This is how the first mammals, our distant ancestors, fed their offspring, about 187 million years ago. At first, the mammary glands were practically indistinguishable from sweat;, but gradually developed into our familiar nipples. The reason is simple: sucking babies is more comfortable than licking their skin, less milk is wasted.

Also, from slightly modified sweat glands in the ears, ceruminous ones have developed; glands. They create a secret that, when mixed with sebum and dead cells, forms sulfur. It protects the eardrums from debris and bacteria. Ceruminous glands are also found only in mammals.

It is known that people sweat more due to stress (the stronger a person smells, the better the scent repels predators). And the ceruminous glands in such situations also secrete more sulfur - just for the company with sweat.

6. Penis and vagina have a common origin

Fetus in the womb, drawing by Leonardo da Vinci
Fetus in the womb, drawing by Leonardo da Vinci

The male scrotum and penis have a crease underneath. And she's there for a reason.

Until a certain stage; the development of the embryo, male and female genital organs do not differ in any way: the set of "blanks" for them is the same. Only after the ninth week does sexual separation begin. Girls develop a vagina, and they also acquire a uterus. Boys have a prostatic uterus and the aforementioned perineal suture as a keepsake from the "blanks".

The penis and clitoris, scrotum and labia, uterus and prostatic uterus, prostate and Skene's glands are called homologous organs, that is, having a common origin. In general, this is written in biology textbooks, but for many adults it becomes a discovery.

By the way, it is exactly the same development of male and female embryos that explains; why all people have nipples. They are formed in the same way regardless of gender, it is just that in women they end up being functional, and in men they remain a by-product of development. Here.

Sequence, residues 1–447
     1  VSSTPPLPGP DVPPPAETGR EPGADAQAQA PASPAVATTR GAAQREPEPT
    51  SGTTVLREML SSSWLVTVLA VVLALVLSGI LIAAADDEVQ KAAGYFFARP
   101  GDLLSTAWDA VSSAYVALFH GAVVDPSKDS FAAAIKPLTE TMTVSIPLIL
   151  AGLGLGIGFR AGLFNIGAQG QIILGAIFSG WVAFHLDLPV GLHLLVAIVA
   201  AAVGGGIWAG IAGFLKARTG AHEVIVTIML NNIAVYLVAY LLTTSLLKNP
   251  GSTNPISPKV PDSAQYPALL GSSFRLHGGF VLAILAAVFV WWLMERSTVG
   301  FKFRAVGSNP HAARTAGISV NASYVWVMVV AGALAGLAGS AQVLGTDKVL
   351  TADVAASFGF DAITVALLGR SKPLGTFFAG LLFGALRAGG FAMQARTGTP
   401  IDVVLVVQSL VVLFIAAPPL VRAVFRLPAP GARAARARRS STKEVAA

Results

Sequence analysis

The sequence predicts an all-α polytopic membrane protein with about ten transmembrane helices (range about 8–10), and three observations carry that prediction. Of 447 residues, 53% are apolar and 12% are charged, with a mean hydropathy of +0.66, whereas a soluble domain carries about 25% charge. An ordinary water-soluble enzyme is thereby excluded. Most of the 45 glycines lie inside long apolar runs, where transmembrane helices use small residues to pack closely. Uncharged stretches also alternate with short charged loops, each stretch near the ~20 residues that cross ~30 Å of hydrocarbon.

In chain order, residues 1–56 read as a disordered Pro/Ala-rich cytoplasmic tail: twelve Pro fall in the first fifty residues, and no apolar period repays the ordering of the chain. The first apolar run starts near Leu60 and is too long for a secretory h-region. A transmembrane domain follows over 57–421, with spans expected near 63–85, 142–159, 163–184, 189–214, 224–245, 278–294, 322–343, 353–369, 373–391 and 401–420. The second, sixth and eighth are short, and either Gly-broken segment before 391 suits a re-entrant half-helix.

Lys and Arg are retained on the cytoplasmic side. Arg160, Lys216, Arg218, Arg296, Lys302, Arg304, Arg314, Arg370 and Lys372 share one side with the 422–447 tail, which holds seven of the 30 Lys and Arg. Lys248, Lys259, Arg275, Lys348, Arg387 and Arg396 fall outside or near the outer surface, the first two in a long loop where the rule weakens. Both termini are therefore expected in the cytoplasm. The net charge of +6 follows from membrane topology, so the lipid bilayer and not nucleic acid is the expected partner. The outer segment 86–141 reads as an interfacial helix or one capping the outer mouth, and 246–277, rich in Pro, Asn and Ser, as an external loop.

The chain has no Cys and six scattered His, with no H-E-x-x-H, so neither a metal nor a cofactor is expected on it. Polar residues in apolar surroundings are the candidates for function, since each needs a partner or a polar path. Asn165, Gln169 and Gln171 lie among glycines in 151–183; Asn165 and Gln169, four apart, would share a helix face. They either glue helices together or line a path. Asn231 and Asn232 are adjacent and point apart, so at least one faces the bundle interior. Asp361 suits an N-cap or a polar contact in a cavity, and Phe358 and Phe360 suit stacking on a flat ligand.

7. The intestine has its own nervous system

Intestine structure
Intestine structure

In your spinal cord J. E. Hall. General Principles of Gastrointestinal Function, which allows you to control all movements, there are one hundred million neurons.

But in the nervous system of the intestine there are five times more neurons, that is, five hundred million. Moreover, in their structure, they are similar to the spinal cord and arise during embryogenesis in the neck area, and then they are sent to the intestines.

This complex nervous system is called the enteric nervous system. It regulates the travel of food through the gastrointestinal tract and its absorption.

Usually the intestinal "second brain" is controlled by the body via the vagus nerve. But even if you cut it, the system will continue to function normally.

And the truth is, who needs this vagus nerve, we'll figure it out without it.

And yes, there are more neurons in the human intestine alone. J. E. Hall. General Principles of Gastrointestinal Function than in the normal cat's brain. So, figuratively speaking, your guts will be smarter than the average cat. And they purr well if you don't feed them.

8. You can breathe with your anus

Well, at least after a little medical intervention.

We once wrote about an amazing green-haired short-necked turtle that lives in the Mary River in Australia. The animal has an interesting respiratory mechanism that comes in handy when it cannot breathe through its nostrils. The turtle exposes the back of the body above the water, draws air into the intestine through the cloaca and assimilates oxygen in this way. Evolution does amazing things at times.

But the turtle is okay. Mammals, as it turned out, can also breathe through the intestines.

A group of scientists have managed to teach mice and pigs to absorb the oxygen delivered rectally. They just gave them life-giving O2 directly into the intestine through anal probes. In addition, in the same way, the subjects' organisms received injected oxygenated perfluorocarbons, which serve as substitutes for blood plasma. So both blood transfusion and oxygen delivery can be through the most seemingly inappropriate place for this.

But most surprisingly, such a method can work in humans, suggests researcher Ryu Okabe of Tokyo University of Medicine and Dentistry. The fact is that the rectum has a network of thin blood vessels just below the surface of its lining, so that oxygen introduced through the anus is easily absorbed into the bloodstream.

The method, of course, requires further testing, since there is a possibility that part of the oxygen will be shamelessly stolen by intestinal symbiont bacteria. But scientists believe that in the future, rectal oxygen consumption will make life much easier for people with respiratory failure and pneumonia.

So jokes about "booty breathing" in emergency situations turned out to be not so jokes.